Title: Florida national scenic trail 1993
CITATION DOWNLOADS THUMBNAILS PAGE IMAGE ZOOMABLE
Full Citation
STANDARD VIEW MARC VIEW
Permanent Link: http://ufdc.ufl.edu/UF00016803/00001
 Material Information
Title: Florida national scenic trail 1993
Physical Description: Book
Language: English
Publisher: Ocala National Forest Interpretative Association
Publication Date: 1993
 Subjects
Spatial Coverage: North America -- United States -- Florida -- Ocala National Forest
 Record Information
Bibliographic ID: UF00016803
Volume ID: VID00001
Source Institution: University of Florida
Rights Management: All rights reserved by the source institution and holding location.
Resource Identifier: ltqf - AAA9470

Downloads

This item has the following downloads:

UF00016803-1 ( PDF )

UF00016803-2 ( PDF )


Full Text
Osprey are frequently seen on the Ocala National Forest
HELP
PREVENT FNST in Long Leaf Pine Community
FOREST
FIRES
FLORIDA NATIONAL SCBJIC TRAIL (FNST) "5nA' 'N '
Have you ever wanted to leave the rush and pressures of modem civilization behind? The
FloridaNational Scenic Trail (FNST) gives you that opportunity! On th tril,you can escape ';,ORA ,.
for an enjoyablehour or week whileexploring sameo Florida's natural beauty.
CongrmsdsesigatedtheFNSTin1983. When completed, trail users will be able to hike
almost1,300 milesfronBigCypremssNat PreserveinsmuthRoridatoGulflslandsNatonalI
Seashore in west Florida.!' .. -
Ajorney on the Ocala Secion ofthe FNST gives hikem aglimpse of lorida's rolling country r:'
at its best. Variety is the word as the trail passs about 60 natural ponds or plunges through -
cypress andguw swampson winding boardwalks. Inotherareas, thetrailtraversesthe rolling,
open longlea pine forests aid scattered dumps of dwarf live oaks.
Each of the vegetative types encountered aong the trail offers different environments. The
Ocalais acountrywhem afewfeet variation in elevation means a great difference in the amount
of water available, and this is reflected in the plants and animals. Come expecting a refreshing
experience that is just as enjoyable as our Natien' great mountain trails.
PLANNING AND PREPARATION Wooden boardwalks are used on
Ttisbmdrcn iforpeoplewhowanttohike and bac butdonlquite knowhowtobegin.
It will give suggestions about food and equipment, and offers ips that have proved useful to the FNST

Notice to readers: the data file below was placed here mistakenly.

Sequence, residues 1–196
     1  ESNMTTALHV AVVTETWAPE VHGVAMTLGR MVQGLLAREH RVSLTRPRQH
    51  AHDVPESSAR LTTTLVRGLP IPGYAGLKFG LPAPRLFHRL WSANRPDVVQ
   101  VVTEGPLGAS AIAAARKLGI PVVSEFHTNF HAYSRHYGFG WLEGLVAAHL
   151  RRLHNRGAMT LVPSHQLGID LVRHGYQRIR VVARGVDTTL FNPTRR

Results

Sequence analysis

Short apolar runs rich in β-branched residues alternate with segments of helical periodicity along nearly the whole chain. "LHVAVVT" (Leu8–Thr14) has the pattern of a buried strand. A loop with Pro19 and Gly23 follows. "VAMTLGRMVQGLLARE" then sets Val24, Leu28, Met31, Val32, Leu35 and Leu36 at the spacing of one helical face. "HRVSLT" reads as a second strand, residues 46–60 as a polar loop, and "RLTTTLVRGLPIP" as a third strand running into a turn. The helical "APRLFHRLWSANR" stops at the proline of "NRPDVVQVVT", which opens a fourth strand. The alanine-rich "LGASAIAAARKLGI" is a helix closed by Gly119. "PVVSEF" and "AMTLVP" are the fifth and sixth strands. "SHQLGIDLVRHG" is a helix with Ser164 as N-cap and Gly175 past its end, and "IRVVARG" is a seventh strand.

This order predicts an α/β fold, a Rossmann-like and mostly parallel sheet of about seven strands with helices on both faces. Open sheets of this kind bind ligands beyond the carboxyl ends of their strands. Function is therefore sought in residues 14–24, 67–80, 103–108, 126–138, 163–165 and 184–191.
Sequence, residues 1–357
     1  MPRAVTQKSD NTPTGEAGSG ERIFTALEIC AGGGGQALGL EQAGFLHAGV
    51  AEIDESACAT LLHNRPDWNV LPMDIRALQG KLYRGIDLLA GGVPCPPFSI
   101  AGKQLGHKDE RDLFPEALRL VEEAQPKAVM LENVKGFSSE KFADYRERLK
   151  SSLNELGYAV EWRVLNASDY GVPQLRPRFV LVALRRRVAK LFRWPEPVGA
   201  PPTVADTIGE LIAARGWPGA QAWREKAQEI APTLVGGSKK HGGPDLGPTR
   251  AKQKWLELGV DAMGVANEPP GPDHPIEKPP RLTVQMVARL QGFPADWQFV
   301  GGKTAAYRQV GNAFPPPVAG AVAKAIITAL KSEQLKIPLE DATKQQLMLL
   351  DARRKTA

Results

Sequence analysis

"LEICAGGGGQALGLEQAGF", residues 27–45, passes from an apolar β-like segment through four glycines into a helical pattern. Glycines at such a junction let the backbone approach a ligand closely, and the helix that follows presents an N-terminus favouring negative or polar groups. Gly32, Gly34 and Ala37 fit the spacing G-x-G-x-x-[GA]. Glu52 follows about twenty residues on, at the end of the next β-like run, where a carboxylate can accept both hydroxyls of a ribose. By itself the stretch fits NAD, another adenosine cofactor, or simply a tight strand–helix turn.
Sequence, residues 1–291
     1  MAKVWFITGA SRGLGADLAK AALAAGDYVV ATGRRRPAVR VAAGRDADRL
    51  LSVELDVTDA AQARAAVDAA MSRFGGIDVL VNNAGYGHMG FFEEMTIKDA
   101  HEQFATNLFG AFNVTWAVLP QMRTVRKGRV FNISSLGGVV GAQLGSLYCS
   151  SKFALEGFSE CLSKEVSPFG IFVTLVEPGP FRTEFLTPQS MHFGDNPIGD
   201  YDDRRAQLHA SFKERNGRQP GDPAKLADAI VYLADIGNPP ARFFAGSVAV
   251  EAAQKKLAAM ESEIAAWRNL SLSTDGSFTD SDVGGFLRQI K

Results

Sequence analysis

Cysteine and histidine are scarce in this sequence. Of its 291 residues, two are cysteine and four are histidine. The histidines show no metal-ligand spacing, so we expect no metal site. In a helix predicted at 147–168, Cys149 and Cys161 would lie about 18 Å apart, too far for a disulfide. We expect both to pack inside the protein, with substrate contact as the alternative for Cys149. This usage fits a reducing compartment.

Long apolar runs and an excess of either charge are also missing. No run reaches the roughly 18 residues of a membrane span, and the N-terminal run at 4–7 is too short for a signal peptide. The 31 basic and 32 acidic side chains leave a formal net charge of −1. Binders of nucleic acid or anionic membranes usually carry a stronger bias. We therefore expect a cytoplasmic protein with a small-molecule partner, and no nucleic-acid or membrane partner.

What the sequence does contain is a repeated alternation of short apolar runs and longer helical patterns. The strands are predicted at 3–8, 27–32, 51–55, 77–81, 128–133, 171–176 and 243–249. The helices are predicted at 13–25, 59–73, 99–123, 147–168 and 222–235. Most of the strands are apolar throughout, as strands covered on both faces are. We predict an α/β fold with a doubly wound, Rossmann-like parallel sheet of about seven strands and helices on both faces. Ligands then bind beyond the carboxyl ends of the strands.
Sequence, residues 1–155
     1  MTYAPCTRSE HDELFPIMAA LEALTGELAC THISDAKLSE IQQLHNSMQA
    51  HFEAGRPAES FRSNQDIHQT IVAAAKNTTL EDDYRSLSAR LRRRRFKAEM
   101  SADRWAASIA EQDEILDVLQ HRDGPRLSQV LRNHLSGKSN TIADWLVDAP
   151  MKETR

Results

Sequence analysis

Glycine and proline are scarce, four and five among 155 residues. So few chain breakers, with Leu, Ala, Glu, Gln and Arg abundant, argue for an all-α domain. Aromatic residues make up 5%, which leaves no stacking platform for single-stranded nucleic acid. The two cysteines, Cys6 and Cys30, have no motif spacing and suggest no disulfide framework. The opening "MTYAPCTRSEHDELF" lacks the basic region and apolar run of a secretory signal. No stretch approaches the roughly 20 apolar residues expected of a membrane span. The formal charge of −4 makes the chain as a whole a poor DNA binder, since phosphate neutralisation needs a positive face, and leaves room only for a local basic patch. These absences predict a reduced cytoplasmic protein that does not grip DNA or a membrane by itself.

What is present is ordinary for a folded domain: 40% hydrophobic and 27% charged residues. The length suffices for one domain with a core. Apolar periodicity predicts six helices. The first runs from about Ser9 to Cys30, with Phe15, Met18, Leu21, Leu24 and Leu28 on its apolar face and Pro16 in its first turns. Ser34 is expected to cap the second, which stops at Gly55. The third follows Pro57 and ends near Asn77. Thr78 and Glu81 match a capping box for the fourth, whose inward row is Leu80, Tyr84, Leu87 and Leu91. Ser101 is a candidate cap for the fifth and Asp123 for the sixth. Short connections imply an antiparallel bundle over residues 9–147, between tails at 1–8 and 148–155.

others. A great deal of additional information is available in libraries, or at Sporting Goods
Store. Only through experience can backpackers refine their equipment and mehods to best
meet their pbrtuar requirements and those of the country they are hiking through.
Planning an overnight trip is more complex and requires much more thought than a day-s
hike. Before planning even a one-day or one-night camping hip, it is well to condition yourself
through several progressively longer ne-day hikes. A little work getting yourself into shape
before your ip can make your experience much more enjoyable.
Toget slate, a comfortable pair of shons and afew hours of leisure tme are all tfht will be
needed fora day like. HNngand b cng are rtlimuedtosupermen. Very often hiking 566
is the ideal family experience. Youngsters may hike alongside their parents on easy trips
covering a few miles a day, and send an enjoyable evening camping.
TRAIL MARIING AND SIGNING P
The FNST hswell m d. orangepnt blazes on treasare used toshowthe main trail. Eiue PAD o
Mans are used to murk side traiLs to caipftes, water, etc. If you go more than 100 yards THE OCALA .
without see a blaze, you should backtrack to -se where you left the rail. Signs on NATIONAL FOREST
maintained roam markthe paceswhere the trail crosses. Othersigm about 40 feet down I EtheRPRE.E
rail fromthe road show the number of miles to points further along the trail. A OTSO T
3 ~~~~~~~~~ASSOCTIOSOlAIN
HIKING CONDITIONS
The Ocaa climate is characterized by long, warn, humid summers, and mild, dry winters. TRAVEL UGHT
This permits year-round hiking; the most pleasant conditions ae during the fall, winter, and Experienced backpackers pride themselves on being able to travel light. Rugged hkers will
Spring. seriously explain that they cut towels in half and saw handles off their toothbrushes to save
Low temperatures Novem r tough Febru average 50'. The average maidmum ounces. They measure out just the right amount of food needed for each meal and pit it into